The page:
Global warming threatens West’s water resources
Water flow in the western U.S. has decreased for the last 20 to 30 years, but scientists have never understood why. Benjamin Santer of Livermore’s Program for Climate Model Diagnosis and Intercomparison and collaborators from the Scripps Institution of Oceanography have for the first time pinpointed humans as the cause of diminishing water flow on a regional scale. By looking at air temperature, river flow, and snowpack during the last 50 years, the team determined that the human-induced increase in greenhouse gases has seriously affected the water supply in the western U.S. “The water flow decrease is a result of temperature change,” says Scripps colleague Tim Barnett, “and that temperature change is caused by us.”
Santer and Barnett presented the research at the American Geophysical Union Meeting in December 2007. The team scaled down global climate models to a regional level and compared the results to their observations. The researchers found they could use the same models to predict the effects of the increase in greenhouse gases on the western U.S. in the future. By 2040, most of the snowpack in the Sierras and Colorado Rockies would melt by April 1 of each year because of rising air temperatures, causing
a shift in river flows. With the existing greenhouse gas in the atmosphere, Earth will continue to warm for the next 80 to 100 years. “We are headed for a water crisis in the western United States, and it has already started,” says Barnett.
Contact: Benjamin Santer (925) 422-2486 (email@example.com).
Human activities may shape California climate
Through research funded by the California Energy Commission, scientists from the Laboratory, the University of California at Merced, and the National Center for Atmospheric Research found that temperatures in California from 1915 to 2000 have increased by 1.16°C (2.1°F) statewide. The research, which appeared in the December 19, 2007, online edition of Climatic Change, also suggests that the warming may be related to human activities.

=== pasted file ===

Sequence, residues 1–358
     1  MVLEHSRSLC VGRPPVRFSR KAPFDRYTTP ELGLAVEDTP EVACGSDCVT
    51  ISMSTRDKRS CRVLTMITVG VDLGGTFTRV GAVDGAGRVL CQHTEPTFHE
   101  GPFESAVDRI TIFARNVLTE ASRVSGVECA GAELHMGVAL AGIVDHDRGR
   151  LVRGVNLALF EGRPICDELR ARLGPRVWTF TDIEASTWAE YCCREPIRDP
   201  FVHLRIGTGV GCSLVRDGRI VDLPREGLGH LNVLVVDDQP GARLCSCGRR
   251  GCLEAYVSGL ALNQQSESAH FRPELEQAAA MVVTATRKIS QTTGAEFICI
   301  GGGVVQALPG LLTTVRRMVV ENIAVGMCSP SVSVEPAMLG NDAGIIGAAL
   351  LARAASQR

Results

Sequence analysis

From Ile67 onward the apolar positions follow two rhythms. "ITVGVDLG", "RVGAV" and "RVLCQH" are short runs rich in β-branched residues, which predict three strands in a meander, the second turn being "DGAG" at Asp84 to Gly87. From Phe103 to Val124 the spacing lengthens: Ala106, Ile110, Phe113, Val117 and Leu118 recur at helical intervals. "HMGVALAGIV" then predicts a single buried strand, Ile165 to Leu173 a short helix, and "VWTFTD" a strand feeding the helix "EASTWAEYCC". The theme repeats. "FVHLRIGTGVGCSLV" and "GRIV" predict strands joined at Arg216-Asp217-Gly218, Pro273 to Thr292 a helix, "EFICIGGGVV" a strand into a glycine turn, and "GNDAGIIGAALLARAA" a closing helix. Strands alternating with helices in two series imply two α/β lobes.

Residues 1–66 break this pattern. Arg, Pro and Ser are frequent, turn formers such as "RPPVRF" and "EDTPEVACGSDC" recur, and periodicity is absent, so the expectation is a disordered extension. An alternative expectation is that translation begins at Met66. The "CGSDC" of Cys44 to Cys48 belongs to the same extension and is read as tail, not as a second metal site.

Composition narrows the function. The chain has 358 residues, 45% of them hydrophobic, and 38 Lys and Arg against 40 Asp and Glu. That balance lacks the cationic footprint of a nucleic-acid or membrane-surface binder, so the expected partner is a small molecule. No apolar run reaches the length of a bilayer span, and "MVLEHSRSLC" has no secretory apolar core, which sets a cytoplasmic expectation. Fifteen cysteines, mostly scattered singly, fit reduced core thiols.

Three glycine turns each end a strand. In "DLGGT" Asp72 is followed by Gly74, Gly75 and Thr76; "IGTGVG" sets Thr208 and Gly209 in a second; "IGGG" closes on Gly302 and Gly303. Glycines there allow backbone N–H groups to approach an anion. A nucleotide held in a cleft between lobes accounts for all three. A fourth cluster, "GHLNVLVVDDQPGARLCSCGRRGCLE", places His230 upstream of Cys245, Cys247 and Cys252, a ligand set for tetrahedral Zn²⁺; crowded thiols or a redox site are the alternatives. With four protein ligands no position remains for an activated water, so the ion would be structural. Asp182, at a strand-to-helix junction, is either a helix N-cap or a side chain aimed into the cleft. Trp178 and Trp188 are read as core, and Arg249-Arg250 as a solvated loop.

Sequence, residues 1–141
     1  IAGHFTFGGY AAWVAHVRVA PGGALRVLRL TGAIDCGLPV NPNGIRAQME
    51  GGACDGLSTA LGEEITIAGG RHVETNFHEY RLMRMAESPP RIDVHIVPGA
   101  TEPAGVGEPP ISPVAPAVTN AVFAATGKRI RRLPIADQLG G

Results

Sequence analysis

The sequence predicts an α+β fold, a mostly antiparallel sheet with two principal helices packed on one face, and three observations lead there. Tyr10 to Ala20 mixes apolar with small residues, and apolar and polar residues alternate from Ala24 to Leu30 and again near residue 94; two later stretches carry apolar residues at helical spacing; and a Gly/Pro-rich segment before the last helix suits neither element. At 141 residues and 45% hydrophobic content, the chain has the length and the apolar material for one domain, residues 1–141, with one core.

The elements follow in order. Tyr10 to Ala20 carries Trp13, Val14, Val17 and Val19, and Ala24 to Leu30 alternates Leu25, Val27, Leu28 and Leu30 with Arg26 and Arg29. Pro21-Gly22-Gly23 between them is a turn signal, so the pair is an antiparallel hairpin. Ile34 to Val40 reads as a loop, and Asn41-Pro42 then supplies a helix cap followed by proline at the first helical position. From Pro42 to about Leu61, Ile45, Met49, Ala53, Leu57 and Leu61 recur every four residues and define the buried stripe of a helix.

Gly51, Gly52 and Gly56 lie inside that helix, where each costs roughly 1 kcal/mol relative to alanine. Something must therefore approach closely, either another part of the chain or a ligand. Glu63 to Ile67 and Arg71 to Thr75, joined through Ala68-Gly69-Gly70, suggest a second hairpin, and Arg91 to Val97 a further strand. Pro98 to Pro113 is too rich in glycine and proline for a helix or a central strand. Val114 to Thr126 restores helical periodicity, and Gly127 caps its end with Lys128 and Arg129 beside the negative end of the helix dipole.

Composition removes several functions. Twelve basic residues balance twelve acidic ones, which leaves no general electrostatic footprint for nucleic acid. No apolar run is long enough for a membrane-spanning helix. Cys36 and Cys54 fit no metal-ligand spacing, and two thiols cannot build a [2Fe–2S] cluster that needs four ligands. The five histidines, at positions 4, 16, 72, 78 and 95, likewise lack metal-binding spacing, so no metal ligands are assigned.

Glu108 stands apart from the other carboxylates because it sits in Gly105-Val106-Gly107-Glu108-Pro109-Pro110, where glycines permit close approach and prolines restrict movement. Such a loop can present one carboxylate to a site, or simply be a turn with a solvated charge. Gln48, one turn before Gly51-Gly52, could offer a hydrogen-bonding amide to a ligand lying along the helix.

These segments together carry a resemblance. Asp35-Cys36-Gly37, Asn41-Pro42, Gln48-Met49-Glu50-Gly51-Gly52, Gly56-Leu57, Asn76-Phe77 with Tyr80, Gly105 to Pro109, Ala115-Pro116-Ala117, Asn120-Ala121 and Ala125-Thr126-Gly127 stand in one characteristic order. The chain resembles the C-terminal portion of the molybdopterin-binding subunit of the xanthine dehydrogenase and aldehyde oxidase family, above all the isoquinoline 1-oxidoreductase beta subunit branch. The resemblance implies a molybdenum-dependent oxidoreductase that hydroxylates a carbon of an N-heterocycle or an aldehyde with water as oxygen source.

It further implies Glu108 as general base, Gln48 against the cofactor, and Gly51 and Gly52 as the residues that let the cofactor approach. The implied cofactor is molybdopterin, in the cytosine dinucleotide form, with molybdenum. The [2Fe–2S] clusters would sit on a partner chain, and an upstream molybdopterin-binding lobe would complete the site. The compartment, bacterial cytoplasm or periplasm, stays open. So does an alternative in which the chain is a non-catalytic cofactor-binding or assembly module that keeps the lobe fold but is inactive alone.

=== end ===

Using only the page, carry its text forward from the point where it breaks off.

The team used data from up to eight observational records and found that warming has been fastest in late winter and early spring. “The trends in daily minimum and maximum temperatures over the last 50 and 85 years are inconsistent with current model-based estimates of natural internal climate variability,” says Livermore’s Céline Bonfils. “It’s pretty clear the increases are not the result of just natural causes. External factors such as greenhouse gases and urbanization come into play.” However, current climate models have not been effective in explaining California’s summertime trend, where warming mainly occurs at night. Previous research by the team indicates that large-scale irrigation in California has had a cooling effect on summer daytime temperatures, which may have counteracted warming from mounting greenhouse gases and urbanization. If this hypothesis is verified, the acceleration of carbon dioxide emissions combined with a leveling of irrigation may result in a rapid summertime warming in the Central Valley
in the near future.
Researchers suggest that greenhouse warming will continue to influence climate and may have significant societal impacts in California. Benjamin Santer, also a member of the Livermore team, says, “Our study represents a credible first step toward identifying the effects of human activities on California’s climate.”
Contact: Céline Bonfils (925) 423-9923 (firstname.lastname@example.org).
Stardust samples reveal unexpected results
Laboratory scientists, working with collaborators from other scientific and academic institutions, have unveiled new research on the dust collected from Comet Wild 2 during the Stardust mission. In a surprising turn of events, the research failed to find the primitive materials that had been thought to abound in comets. Rather, the dust from this particular comet formed very close to the young Sun and is more like material in asteroids. The research appeared in the January 25, 2008, edition of Science.
Researchers used Livermore’s aberration-corrected, monochromated, scanning transmission electron microscope known as SuperSTEM to analyze the Stardust samples. The samples were compared to interplanetary dust particles (IDPs) gathered from Earth’s stratosphere. Believed to be cometary dust, these IDPs contain the most primitive starting materials from which the planets in the solar system formed. Researchers were particularly interested in identifying in the Wild 2 dust two silicate materials unique to the IDPs, GEMS (glass with embedded metal and sulfides) and crystalline silicate enstatite (a rock-forming mineral). The team found only a single sliverlike whisker of enstatite, and it was similar to material in asteroids, not IDPs. Objects similar to GEMS were found, but the team determined they were created during the high-speed impact with Wild 2 dust.
The research emphasizes the continuum between asteroids and comets. “Wild 2 doesn’t match our idealized picture of a primitive comet made of ancient, unaltered material,” says Livermore scientist Hope Ishii. “The Stardust mission was a real success because without it, we never would have learned these things about our solar system. The returned sample is enabling us to continue to unravel how our solar system formed and evolved.”
Contact: Hope Ishii (925) 422-7927 (email@example.com).